I first visited the library six years ago when I was dropping off some magazines. At the time I was astonished at the existence of such an institution which appeared to occupy some parallel universe of England in the 1940s, staffed by genteel Brits who painstakingly hand wrote every title being borrowed into large ledgers while discussing the weather with their equally genteel customers. I felt as if I’d walked onto the set of a black and white Sunday matinee.

Revisiting the English Library to meet up with Ken Fisher who, until standing down at the recent AGM, has been President of the library for the past two years, some things hadn’t changed. Books were still being entered into ledgers by hand and the staff and clientele still appeared on the genteel side but there were noticeable differences. In the main reading room the large table was occupied by several people surfing the net on laptops, the bookcases on the long wall were filled with DVDs where previously video collections of TV sitcoms from the 1970s and 1980s had taken pride of place and outside, tables and chairs were busy with coffee drinkers enjoying the beautiful garden and warm sunshine.

Is the WiFi free?” I ask Ken.
Oh yes. In fact we have a computer support workshop now run by Peter and Mike.”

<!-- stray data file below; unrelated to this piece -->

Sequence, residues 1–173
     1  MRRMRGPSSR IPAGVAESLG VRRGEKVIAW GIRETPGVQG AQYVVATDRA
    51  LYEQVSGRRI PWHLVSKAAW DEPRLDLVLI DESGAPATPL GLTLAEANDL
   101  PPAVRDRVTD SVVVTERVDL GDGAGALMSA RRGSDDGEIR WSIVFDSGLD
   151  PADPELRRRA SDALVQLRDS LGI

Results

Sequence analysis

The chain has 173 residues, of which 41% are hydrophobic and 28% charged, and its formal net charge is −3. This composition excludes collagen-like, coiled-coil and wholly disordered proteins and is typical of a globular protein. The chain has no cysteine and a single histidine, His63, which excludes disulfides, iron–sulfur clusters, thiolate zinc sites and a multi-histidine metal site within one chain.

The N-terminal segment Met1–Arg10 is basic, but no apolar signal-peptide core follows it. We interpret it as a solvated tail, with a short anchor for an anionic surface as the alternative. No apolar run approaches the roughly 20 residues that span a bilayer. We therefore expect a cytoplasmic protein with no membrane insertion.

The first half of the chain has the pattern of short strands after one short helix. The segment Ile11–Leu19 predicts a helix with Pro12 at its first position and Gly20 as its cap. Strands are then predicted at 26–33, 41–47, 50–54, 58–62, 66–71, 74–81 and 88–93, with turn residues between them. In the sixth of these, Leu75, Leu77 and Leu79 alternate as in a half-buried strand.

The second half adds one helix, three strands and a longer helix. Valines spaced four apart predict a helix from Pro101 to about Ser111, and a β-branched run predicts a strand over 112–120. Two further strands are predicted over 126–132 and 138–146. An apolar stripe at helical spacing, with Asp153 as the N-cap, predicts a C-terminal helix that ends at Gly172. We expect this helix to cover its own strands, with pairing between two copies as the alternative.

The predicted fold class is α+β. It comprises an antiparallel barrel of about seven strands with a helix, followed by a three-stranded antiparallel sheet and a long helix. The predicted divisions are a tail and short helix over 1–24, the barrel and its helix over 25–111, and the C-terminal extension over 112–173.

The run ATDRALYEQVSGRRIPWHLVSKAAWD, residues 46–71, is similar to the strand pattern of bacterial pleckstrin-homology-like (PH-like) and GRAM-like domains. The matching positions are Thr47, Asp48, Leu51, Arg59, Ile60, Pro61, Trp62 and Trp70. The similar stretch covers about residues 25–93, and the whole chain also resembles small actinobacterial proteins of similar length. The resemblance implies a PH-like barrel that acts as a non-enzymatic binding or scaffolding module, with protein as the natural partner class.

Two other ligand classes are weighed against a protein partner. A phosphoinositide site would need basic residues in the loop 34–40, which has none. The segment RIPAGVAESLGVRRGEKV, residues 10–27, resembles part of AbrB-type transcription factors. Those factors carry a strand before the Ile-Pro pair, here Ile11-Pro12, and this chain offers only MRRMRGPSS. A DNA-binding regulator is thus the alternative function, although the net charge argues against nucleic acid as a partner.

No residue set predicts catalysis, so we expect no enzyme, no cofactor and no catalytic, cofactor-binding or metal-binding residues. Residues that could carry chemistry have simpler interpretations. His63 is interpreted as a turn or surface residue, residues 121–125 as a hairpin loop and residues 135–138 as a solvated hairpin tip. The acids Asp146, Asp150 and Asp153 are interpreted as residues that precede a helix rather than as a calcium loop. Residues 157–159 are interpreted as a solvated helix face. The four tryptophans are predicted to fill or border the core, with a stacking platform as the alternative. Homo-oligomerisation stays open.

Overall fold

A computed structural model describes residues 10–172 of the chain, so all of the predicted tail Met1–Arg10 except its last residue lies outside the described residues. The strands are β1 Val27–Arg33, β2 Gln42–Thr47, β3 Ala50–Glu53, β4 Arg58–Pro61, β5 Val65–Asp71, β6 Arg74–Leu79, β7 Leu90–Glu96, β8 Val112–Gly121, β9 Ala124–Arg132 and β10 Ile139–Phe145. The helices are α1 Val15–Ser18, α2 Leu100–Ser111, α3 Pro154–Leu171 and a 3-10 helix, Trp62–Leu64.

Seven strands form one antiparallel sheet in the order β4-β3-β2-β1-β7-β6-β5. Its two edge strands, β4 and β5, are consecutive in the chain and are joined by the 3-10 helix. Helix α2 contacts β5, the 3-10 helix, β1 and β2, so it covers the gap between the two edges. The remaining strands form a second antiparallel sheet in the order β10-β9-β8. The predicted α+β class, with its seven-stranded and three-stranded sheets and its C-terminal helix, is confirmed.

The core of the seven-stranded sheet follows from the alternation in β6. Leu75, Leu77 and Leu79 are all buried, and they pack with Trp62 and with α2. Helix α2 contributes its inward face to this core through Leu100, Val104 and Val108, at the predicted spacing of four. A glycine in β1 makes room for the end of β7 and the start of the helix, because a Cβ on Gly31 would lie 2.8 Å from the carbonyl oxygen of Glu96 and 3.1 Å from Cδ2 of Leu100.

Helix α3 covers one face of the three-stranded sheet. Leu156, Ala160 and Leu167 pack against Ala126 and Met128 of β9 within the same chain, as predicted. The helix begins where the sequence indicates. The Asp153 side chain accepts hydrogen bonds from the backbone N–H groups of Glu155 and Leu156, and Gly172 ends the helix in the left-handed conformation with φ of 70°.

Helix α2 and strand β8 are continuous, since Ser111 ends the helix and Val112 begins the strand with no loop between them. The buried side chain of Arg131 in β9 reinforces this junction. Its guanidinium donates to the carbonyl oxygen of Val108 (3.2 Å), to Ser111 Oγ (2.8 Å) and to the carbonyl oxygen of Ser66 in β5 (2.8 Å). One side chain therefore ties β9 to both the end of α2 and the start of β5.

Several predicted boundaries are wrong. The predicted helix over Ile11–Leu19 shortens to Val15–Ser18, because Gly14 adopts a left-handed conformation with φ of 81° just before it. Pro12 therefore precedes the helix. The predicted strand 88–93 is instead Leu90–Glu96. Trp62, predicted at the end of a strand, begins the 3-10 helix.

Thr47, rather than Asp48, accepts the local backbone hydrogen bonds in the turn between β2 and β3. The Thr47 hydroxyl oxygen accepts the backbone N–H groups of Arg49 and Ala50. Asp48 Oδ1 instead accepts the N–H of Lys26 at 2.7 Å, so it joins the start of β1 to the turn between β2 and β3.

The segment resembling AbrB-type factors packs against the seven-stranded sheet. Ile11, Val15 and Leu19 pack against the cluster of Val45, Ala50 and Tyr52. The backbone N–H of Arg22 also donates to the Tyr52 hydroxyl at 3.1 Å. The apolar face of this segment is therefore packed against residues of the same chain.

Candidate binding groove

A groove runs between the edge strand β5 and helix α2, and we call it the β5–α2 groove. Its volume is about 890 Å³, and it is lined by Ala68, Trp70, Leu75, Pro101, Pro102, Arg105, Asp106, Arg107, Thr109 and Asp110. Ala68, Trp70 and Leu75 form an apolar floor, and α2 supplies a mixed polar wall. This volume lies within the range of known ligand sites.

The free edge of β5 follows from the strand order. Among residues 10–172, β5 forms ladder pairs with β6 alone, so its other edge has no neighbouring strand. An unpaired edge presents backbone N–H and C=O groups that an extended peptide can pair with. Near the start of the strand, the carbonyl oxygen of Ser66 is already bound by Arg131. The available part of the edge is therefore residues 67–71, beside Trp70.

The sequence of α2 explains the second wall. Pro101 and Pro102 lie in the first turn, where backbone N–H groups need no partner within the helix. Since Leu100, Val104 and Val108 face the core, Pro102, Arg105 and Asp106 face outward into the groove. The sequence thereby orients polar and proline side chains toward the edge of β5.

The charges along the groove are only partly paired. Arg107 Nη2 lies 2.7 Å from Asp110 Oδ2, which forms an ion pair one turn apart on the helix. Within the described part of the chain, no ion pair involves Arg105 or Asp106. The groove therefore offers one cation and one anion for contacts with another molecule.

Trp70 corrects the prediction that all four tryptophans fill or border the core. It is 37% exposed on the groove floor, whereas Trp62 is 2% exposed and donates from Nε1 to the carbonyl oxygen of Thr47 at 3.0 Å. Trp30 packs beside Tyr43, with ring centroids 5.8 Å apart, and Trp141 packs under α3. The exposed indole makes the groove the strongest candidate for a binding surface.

I tell Ken about my last and only visit.
Well we only got a telephone installed two years ago when I got elected as President. I insisted,” he admits. Heady progress indeed.

The Latest Edition

Under Ken’s auspices, the English Library has taken a leap forward and newly elected President, Brian Arnold (above), is confident the library will continue to go in the right direction.
We’re becoming a wider thinking library,” Brian tells me. “Catering to the needs of the English speaking community and finding ways to make their lives easier. We have good links with the British Consul for example and we’re a research resource for those ex-pats who over-winter in Puerto and don’t have access to WiFi or computers.”

Brian recognises that the days of being purely a lending library are behind them and that the future is bleak for the printed word.